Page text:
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Parents-As-Teachers Facing Funding Cutbacks
The early education community partnership program is funded via Title I but replies on supplementary funding by the state to cover its expenses.
Parents-As-Teachers, a much celebrated early education program founded three years ago in Newport County in Rhode Island, is under threat this year due to cutbacks in supplemental funding by the state. The PAT, which receives most of its money via Title I funding for childhood intervention programs, depends on additional help from the state to make up its $6,500-per-participant price tag.
One of the parents participating in the program, Martha Higham of Triverton, has been helping her 4-year-old daughter Genaveve prepare to enter pre-Kindergarten since she was one. Her efforts are supported by a parent educator Joan Macomber who visits the Higham family once a week to offer advice, support and materials Martha uses to help Genaveve.
“We love Ms. Joan coming to the house,” Higham said. “It’s a good thing. She’s like a second mother. Joan provides me with resources.”
The home visits are part of the Parents As Teachers’ national model, aiming to work with families to help their child grow up healthy, safe and ready to learn. It’s customized to meet the needs of each family, increase parent knowledge of early childhood development and support positive parenting practices.
“They are letting us know their needs,” Macomber said. “We try to gear our visits to their concerns. Parents as Teachers is strongly based on getting kids ready for kindergarten.”
The participants also get together in the local school to give the children socialization opportunities, as well as give the parents a chance to share their experiences and challenges they encounter and seek support from others. Currently, five Tiverton parents are enrolled in the program, though last year as many as 10 were coming were regularly attending. Macomber handles the screening process for families who indicate an interest in the program, which includes a voluntary and confidential interview to determine eligibility as well as home visits. When Macomber first came to Tiverton three years ago, the program had a problem attracting families, but now there’s a waiting list, according to the Diane Sanna, Curriculum Director for Tiverton Schools.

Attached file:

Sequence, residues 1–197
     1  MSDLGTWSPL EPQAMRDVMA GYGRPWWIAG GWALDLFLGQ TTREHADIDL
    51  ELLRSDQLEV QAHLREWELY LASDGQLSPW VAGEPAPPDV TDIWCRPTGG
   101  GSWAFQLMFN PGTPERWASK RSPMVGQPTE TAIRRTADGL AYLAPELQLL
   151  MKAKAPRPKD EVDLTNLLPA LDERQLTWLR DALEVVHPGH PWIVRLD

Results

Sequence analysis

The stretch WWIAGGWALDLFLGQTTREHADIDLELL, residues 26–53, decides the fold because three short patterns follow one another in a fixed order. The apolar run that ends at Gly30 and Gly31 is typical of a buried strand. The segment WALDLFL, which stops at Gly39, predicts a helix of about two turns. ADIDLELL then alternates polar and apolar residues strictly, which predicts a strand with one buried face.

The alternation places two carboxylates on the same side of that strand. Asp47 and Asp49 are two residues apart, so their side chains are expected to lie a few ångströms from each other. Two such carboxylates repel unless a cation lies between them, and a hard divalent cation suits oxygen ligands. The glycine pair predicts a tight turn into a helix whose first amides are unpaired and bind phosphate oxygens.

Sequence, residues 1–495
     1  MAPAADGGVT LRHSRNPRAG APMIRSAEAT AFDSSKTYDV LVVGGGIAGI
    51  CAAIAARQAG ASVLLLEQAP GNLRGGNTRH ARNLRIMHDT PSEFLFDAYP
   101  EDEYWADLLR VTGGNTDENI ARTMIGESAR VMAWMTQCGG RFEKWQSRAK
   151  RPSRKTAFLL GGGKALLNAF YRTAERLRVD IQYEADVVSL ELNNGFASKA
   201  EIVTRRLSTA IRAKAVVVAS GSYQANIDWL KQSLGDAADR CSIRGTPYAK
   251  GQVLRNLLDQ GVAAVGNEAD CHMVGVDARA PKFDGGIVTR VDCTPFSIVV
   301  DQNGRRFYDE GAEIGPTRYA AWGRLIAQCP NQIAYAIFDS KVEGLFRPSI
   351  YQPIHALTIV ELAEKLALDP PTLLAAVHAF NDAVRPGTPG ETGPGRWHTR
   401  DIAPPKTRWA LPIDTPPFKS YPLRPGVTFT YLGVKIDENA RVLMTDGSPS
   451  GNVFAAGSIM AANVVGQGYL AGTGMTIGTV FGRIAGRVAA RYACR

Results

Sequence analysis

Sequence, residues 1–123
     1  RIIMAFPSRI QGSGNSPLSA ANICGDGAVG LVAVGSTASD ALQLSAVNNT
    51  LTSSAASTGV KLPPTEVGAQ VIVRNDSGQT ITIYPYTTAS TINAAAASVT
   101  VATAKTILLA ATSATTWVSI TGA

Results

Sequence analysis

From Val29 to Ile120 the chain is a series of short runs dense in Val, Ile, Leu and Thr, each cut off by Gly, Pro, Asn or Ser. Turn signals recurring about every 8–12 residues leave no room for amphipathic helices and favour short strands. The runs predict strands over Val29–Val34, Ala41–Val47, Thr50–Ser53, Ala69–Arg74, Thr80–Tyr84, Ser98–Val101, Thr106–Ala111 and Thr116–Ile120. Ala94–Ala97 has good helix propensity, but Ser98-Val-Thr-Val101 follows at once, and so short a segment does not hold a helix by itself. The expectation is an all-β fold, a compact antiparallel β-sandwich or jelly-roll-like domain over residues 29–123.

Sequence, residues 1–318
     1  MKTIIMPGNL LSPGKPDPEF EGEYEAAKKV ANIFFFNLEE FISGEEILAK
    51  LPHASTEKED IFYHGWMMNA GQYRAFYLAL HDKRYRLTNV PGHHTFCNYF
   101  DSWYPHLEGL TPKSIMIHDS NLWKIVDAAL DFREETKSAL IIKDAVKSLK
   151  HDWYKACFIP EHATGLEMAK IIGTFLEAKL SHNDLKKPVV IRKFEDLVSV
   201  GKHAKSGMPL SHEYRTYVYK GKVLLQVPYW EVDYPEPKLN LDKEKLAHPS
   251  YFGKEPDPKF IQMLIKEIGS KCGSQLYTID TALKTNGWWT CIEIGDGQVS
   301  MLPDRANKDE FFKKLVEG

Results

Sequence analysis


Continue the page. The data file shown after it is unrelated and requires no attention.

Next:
“It fluctuates depending on whatever supplemental funding we have,” Sanna said in an interview last week. “This year we’re very bare bones. Last year when there was extra state monies available, we had evening sessions open to any familiy in Tiverton. One focused on nutrition, [and] another focused on sleep habits. We also had [child] psychologist Dr. Adam Cox come in.”
Sanna said at one point they had two parent educators working in the program, but that was cut last year since it was through state funding that dried up.
Rhode Island was one of only five states to meet all the standards set by the U.S. Department of Education for quality early education programs, according to a report released by National Institute for Early Education Research earlier this year. The achievement can in part be attributed to programs such as Parents-As-Teachers. Unfortunately, recent budget cuts for such programs mean that the state might be unable to repeat the feat next year.
Sanna said the price people are paying to have Parents As Teachers available is a valuable investment because if they can find families early on with learning issues, educators can get the child ready for kindergarten and beyond.
“I’m hoping that the state will pick up on it and find funds to support it more widely in Rhode Island,” she added.
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